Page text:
• 16 MB Lexar Type I Compact Flash card (as supplied in European Kit)
  • 320 MB Lexar Pro 12x Type I Compact Flash card
  • 1 GB IBM Microdrive Type II Compact Flash card
Image Type Time to store *1
(seconds)
Supplied Lexar 12x Microdrive
2560 x 1920 S.FINE TIFF 44.0 46.0 32.2
2560 x 1920 RAW 30.0 32.2 24.8
2560 x 1920 FINE 9.8 10.6 9.7
2560 x 1920 STANDARD 7.0 7.5 7.7
2560 x 1920 ECONOMY 6.2 6.1 7.0
1600 x 1200 FINE 6.4 7.1 7.8
1280 x 960 FINE 6.1 6.2 7.8
640 x 480 FINE 5.1 5.1 6.5

*1 This is the amount of time it takes to write a single image away, it is taken from the moment of shutter release to the activity indicator LED beside the storage compartment going out. RAW and TIFF modes both blank the LCD/EVF during this time and no more shots can be taken until this time has elapsed.


File Sizes

Here's a comparison of the average byte size of each of different image size / quality combinations.

Image Size Quality Image format File size
(~ = approx)
No. on supplied 16 MB CF Card No. on
1 GB Microdrive
2560 x 1920 S. FINE TIFF 14,438 KB 1 72
2560 x 1920 RAW MRW 9,704 KB 1 107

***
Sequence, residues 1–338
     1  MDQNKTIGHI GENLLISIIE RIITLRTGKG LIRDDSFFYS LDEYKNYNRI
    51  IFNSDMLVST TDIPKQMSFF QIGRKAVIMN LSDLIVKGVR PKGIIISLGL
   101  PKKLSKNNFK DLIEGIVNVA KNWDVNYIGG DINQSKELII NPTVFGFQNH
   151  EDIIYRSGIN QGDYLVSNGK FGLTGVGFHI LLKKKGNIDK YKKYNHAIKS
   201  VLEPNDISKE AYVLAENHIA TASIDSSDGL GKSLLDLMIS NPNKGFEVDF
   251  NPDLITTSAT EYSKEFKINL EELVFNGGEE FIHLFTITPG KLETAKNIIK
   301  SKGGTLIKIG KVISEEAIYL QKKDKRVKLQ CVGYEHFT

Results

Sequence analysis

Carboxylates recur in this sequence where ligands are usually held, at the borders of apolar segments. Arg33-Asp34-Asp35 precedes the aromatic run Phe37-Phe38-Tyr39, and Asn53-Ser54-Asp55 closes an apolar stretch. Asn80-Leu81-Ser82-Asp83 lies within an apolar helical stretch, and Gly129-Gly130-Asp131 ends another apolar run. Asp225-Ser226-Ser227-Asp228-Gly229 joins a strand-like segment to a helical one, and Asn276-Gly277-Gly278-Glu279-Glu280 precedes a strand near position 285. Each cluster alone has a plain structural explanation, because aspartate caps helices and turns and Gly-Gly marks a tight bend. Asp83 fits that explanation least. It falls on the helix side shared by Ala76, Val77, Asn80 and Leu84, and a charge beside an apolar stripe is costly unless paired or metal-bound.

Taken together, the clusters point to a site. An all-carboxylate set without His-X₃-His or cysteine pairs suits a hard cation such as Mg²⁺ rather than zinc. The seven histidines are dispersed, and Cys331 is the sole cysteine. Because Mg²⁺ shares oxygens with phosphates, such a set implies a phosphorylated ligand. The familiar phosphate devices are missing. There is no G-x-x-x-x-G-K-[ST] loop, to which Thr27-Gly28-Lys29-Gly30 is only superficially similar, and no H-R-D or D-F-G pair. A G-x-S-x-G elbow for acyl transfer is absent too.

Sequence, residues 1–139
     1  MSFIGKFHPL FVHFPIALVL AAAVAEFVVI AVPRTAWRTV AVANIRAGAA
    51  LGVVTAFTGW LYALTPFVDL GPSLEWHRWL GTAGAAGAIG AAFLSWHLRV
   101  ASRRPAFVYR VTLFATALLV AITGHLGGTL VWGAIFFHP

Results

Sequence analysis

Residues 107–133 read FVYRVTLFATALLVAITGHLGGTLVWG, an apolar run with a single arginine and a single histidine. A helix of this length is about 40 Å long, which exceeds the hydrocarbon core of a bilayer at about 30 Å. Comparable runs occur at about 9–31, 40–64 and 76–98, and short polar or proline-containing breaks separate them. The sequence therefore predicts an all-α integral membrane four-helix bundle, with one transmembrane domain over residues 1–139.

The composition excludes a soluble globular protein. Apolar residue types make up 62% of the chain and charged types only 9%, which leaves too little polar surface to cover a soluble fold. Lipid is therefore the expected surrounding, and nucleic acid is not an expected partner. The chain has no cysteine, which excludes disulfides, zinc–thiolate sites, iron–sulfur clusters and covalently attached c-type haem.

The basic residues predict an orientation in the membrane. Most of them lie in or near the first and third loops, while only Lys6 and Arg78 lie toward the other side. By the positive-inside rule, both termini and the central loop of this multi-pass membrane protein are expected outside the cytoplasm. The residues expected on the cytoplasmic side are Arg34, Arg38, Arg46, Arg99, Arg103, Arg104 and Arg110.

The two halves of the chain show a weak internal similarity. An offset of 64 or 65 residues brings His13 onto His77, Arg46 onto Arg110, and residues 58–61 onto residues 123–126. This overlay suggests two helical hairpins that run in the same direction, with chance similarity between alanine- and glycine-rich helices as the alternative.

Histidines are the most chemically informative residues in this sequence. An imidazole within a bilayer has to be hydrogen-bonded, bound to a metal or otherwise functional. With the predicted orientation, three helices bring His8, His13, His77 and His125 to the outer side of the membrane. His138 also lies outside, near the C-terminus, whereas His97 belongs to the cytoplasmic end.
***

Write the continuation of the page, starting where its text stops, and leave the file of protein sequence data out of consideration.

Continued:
2560 x 1920 FINE JPEG ~1,900 KB 7 520
2560 x 1920 STANDARD JPEG ~900 KB 14 994
2560 x 1920 ECONOMY JPEG ~530 KB 21 1,491
1600 x 1200 FINE JPEG ~780 KB 17 1,207
1280 x 960 FINE JPEG ~500 KB 27 1,917
640 x 480 FINE JPEG ~190 KB 76 5,396

* All file sizes are an average of three files. As is the case with JPEG it's difficult to predict the size of an image because it will vary a fair amount depending on the content of the image (especially the amount of detail captured). For example, take a photograph of a fairly empty wall and you'll get a small JPEG, take a photograph of a bush with a lot of detail and you'll get a larger image. File sizes here are closer to the later, the larger size of file you should expect.